U.S. and Canadian Jews, Muslims seek dialogue

November 21, 2008

Muslim and Jewish leaders across the United States and Canada plan to meet this weekend to discuss ways to fight anti-Semitism and Islamaphobia.

The meetings and panel discussions from Friday to Sunday — dubbed the Weekend of Twinning — are part of a broader movement of interfaith dialogue taking place against a global backdrop of tensions between religious groups.

Several of the rabbis and imams have broadcast a public service announcement on CNN appealing for interfaith understanding (see the video above) and published a full-page ad in the New York Times available here in PDF form.

Rabbi Marc Schneier, president of The Foundation for Ethnic Understanding and co-organizer of the weekend talks, told me in a brief telephone interview that “it was a realization among Muslims and Jews that as children of Abraham not only do we share a common faith but we share a common fate … It is necessary for us to champion the causes and the concerns of the other.”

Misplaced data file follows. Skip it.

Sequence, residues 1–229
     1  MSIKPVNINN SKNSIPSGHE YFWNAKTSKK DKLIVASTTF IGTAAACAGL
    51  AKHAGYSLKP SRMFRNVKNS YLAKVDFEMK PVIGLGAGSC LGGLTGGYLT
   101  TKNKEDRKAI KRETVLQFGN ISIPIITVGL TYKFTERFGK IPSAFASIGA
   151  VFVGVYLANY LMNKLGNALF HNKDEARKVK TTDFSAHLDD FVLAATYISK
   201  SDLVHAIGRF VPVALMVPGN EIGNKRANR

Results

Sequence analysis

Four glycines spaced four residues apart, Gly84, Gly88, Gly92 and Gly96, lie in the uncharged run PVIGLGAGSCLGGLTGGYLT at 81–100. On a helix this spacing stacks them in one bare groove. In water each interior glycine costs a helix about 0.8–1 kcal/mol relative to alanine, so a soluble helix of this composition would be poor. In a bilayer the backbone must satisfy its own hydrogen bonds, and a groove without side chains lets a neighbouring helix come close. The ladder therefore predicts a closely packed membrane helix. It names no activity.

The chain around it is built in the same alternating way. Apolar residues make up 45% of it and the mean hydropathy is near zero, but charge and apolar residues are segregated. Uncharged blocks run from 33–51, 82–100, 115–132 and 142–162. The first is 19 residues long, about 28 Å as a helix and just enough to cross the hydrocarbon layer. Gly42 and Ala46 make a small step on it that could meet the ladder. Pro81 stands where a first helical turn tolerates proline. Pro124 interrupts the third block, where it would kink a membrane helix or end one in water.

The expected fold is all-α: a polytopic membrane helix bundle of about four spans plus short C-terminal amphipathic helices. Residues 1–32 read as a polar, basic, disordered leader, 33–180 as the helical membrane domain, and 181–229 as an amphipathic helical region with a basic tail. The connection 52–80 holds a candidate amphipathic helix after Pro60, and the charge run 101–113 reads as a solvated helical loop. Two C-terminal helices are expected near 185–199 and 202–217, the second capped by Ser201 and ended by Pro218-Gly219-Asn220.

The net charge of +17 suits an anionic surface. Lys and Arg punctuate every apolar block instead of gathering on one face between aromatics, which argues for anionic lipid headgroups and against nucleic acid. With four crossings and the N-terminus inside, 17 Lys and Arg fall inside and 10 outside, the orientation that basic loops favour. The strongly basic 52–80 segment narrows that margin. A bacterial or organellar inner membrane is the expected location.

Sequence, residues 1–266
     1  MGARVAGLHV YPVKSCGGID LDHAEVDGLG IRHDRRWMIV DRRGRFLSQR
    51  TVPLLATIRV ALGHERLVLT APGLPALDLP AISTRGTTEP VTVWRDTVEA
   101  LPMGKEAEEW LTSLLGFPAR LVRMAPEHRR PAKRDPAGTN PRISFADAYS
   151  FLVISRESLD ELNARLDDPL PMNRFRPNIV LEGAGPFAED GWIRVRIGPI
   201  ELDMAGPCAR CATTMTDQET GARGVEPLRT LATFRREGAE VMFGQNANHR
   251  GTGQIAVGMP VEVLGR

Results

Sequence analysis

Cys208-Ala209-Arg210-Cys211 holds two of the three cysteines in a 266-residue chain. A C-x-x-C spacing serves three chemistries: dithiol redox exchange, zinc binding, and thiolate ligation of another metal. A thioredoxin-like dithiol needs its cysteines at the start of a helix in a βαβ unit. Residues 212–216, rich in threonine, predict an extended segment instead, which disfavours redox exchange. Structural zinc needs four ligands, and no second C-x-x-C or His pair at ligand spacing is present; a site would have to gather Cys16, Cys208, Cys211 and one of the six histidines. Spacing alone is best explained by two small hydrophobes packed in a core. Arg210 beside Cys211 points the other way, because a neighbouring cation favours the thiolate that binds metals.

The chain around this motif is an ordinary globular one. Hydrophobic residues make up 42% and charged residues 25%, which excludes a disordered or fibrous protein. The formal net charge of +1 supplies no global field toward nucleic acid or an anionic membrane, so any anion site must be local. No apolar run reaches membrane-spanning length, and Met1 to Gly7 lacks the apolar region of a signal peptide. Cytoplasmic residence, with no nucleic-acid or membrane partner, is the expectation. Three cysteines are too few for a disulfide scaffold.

Asked how he rated Jewish-Muslim relations in America at the present, he replied: “Virtually non-existent” — a response that underscores the task ahead.

Many American Jews are politically liberal and strong supporters of Israel; many American Muslims feel they are regarded with intense suspicion in the wake of the Sept 11, 2001 attacks.

The talks, panels and seminars will be held in 50 mosques and synagogues across the United States and Canada. The Weekend of Twinning resulted from a resolution passed at the National Summit of Imams and Rabbis held last year in New York and hosted by The Foundation for Ethnic Understanding.

The Weekend of Twinning is co-sponsored by the Foundation of Ethic Understanding, Islamic Society of North America, World Jewish Congress and Muslim Public Affairs Council. The Islamic Society of North America (ISNA), the largest Muslim group in North America, says the 50 mosques and 50 synagogues participating in the weekend represent over 100,000 Muslims and Jews.

How effective do you think campaigns like this are? Can Muslims and Jews in North America find the common ground so difficult to achieve in the Middle East?

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